Monday, July 31, 2006

non-retirement investments: Morgan Stanly Eastern European Fund

I have a small brokerage account that I've been using for somewhat experimental investing. Primarily investing in indexes via ETFs. This is a non-retirement account so I've been trying to avoid high turn over funds.

I've also made several investments in equites - not a large percentage of my portfolio, but enough to assuage my need for active investing - or at least enough to convince myself that indexes are a better way.

About a year ago I managed to demonstrate how foolish I could be. I bought two lots of Shanda Interactive SNDA while it was in it's 30s. Just before (I had been unaware of this interesting fact) a large number of insitututional and early investors flooded the market with their holdings. The flood, combined with an increasingly competitive online gaming market and pending regulatory action due to chinese citizens overplaying the game lead helped drive the price down from lofty 30s into the low 10s. Incidentally, Shanda managed to pen some worthwhile agreements with motorola and seems to be creeping north of $15. I'm skeptical that it will go much further, but I'm planning to hold the stock as an offset of future capital gains on other stock sales or sell it next year for the tax write off.

Recently I sold one of my lots and invested the balance in Morgan Stanley's Eastern European Fund (RNE). Although not an index (there's not enough substantial companies to build a reliable Eastern European index yet - at least enough to absorb American capital flows), it is a closed end fund (CEF) rather than a traditional mutual fund. I'm beginning to prefer CEFs to traditional open ended mutual funds.

I bought 69 shares at $31.20 on July 19th. At that time the fund had taken a beating, as did most of the emerging market funds - the timing seemed to synchronize with Fed statements about interest rate hikes. Oddly, when the overall market shot up a few days later when fears of interest rate increases abated, RNE shot up as well, as did many emerging markets. I am perplexed that emerging markets investments (which should not synchronize tightly with American markets - otherwise I'm not really diversifying) move so closely with American interest rate rumors and actions.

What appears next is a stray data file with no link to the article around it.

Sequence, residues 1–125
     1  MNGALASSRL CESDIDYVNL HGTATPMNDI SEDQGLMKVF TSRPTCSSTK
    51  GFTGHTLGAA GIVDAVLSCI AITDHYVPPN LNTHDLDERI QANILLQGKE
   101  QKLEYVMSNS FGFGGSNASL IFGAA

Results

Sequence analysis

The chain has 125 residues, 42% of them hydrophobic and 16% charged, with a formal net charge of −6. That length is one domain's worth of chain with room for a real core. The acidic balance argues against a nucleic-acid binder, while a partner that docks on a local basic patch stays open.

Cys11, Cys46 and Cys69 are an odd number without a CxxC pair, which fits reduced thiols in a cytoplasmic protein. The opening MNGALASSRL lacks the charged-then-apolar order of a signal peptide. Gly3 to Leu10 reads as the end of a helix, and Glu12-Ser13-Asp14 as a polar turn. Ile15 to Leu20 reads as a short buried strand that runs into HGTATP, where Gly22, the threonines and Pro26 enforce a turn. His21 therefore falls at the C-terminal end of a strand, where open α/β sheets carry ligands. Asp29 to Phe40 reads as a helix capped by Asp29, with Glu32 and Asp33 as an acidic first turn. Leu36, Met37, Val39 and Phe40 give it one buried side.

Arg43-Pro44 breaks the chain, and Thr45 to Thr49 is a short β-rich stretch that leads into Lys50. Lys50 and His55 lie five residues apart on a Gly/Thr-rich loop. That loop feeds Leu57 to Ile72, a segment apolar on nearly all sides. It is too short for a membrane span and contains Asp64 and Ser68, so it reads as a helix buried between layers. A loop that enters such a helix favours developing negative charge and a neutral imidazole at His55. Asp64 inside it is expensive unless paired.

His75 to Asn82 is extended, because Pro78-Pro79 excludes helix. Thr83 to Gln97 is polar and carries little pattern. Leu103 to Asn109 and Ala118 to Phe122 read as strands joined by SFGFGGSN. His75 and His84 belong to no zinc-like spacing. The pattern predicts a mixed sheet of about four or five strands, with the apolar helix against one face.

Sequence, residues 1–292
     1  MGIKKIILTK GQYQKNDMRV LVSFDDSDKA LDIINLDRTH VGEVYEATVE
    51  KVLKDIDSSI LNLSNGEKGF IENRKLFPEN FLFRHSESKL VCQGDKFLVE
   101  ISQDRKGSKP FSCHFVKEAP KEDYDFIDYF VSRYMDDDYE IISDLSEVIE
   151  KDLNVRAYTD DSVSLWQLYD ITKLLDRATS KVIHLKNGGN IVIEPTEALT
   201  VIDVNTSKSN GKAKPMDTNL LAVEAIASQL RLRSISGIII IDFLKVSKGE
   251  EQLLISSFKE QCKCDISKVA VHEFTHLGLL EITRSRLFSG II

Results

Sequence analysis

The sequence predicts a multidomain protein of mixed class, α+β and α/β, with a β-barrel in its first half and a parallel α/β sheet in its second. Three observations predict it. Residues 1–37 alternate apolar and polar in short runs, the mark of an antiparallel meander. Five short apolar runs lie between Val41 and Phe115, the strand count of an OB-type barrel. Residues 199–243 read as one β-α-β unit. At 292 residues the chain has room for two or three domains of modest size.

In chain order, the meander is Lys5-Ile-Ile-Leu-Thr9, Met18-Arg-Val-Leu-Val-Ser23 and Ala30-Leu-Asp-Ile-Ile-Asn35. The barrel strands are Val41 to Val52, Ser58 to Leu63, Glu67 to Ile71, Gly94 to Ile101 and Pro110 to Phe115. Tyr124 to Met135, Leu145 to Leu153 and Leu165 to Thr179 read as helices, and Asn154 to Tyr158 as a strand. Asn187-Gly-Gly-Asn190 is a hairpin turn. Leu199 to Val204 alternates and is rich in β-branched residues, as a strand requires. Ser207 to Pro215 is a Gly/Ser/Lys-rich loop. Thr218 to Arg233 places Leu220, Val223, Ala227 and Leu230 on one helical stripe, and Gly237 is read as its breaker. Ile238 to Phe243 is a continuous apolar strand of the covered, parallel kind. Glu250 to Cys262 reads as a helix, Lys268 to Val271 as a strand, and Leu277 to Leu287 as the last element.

You'll notice from Yahoo finance that RNE is still low against it's 52 week cycle and I haven't read anything that tells me the Russian economy stopped growing, so perhaps its a more reasonable investment than it had been several weeks ago. It's 52 week high was $54.25 and it's low was $28.60.

Not only do I like it's growth potential, but I also like it's past dividend rate was about 10%, which is also exciting news.

I suppose I should limit Emerging market investments to about 5% of my portfolio, but my aggregate explicit emerging market holdings are just over 2% (with my pending purchase of IIF), so I think I have a way to go. To be technically correct, I should use morningstar's x-ray feature to learn how much emerging markets exposure I have with SWERX, Schwab's life cycle fund.

In two month's or so I will reformulate my trading accounts percentage mix and prepare to rebalance it. Eventually, I will start posting my trading account holdings, performance and percentages once I'm a bit better organized.

Next step in game plan:

buy about $2500 worth of IIF. I would really like to see the price drop below $40 before I push in, but I'm not certain it really will go much lower. I'll set a limit order a bit lower and see what happens.

Have a wondeful day,

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